Ros-Lehtinen: Pull nuke cooperation with Russia if linked to spy's poisoning

The likely incoming chairwoman of the House Foreign Affairs Committee urged the administration to "reconsider its ‘reset’ approach to Russia" and nuclear cooperation if the radioactive material that killed a former KGB agent is linked back to the country.

Rep. Ilena Ros-Lehtinen (R-Fla.) issued a statement Wednesday in the wake of British media reports that Russia's Federal Security Service received a container of polonium-210 from the Russian Balakovo Nuclear Power Plant several weeks before dissident Alexander Litvenenko was poisoned in London four years ago.

"The reported link between the murder and Russia’s nuclear agency has serious implications for U.S. nuclear cooperation with Russia that we dare not ignore," Ros-Lehtinen said.

"I strongly urge President Obama to withdraw the U.S. – Russia nuclear cooperation agreement and block any purchase of U.S. nuclear resources by Russia’s Rosatom or its subsidiaries until these new allegations about possible involvement by Russia’s civilian nuclear agency in the radioactive poisoning of Litvinenko have been thoroughly investigated," she said.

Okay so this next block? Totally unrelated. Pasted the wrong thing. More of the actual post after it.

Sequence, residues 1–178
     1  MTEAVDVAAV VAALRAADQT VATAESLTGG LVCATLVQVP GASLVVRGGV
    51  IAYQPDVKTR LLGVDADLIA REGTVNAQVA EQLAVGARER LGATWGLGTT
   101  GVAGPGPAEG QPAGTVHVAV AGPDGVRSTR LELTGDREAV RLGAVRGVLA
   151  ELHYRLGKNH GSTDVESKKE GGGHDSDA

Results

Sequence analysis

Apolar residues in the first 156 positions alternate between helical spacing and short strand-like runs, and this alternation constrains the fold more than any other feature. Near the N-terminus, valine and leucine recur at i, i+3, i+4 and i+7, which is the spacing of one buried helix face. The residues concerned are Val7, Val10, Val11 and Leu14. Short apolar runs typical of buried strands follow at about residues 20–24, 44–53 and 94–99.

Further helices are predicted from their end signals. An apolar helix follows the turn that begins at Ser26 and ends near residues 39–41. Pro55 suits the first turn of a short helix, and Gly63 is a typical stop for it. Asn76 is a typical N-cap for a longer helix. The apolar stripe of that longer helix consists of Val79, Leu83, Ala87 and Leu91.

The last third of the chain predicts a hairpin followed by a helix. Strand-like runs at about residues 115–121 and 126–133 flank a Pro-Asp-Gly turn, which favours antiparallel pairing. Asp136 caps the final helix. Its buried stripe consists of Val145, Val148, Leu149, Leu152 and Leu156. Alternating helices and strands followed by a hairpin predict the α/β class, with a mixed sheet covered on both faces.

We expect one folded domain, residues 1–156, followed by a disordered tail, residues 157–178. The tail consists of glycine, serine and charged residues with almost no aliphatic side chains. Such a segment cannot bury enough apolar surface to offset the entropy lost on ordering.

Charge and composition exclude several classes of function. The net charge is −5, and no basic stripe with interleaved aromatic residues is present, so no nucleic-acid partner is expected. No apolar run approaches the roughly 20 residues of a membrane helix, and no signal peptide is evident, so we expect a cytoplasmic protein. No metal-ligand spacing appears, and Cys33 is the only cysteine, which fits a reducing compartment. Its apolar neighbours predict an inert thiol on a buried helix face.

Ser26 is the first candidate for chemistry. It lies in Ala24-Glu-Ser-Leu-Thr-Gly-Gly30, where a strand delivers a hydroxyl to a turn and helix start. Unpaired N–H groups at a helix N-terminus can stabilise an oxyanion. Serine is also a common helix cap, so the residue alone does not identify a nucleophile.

Rosatom, Russia's state nuclear corporation that is linked to the allegations, has denied the report, saying its production capabilities wouldn't have been able to deliver the alleged 3.4 kilograms.

Ninety-seven percent of the world's legal polonium-210 production is in Russia.

In June, Ros-Lehtinen introduced a resolution to block approval of the proposed U.S.-Russia nuclear cooperation agreement.

In October, Ros-Lehtinen and Reps. Spencer Bachus (R-Ala.), Pete King (R-N.Y.) and Howard P. “Buck” McKeon (R-Calif.), the Ranking Members of the House Committees on Financial Services, Homeland Security, and Armed Services, respectively, sent a letter to Treasury Secretary Timothy Geithner raising concerns about the pending sale of a U.S. uranium processing facility to ARMZ Uranium Holding Co., the mining arm of Rosatom.

The lawmakers expressed opposition to the U.S.-Russia nuclear cooperation agreement until the Committee on Foreign Investment in the United States and Congress fully reviewed and evaluated its implications for national security.

"Russia’s record of transferring dangerous materials and technologies to rogue regimes, such as those in Iran and Syria, is very troubling," the letter said. "Its willingness to provide nuclear assistance to any regime with cash and its repeated attempts to undermine U.S. nonproliferation efforts disqualifies Russia from being regarded as a reliable partner."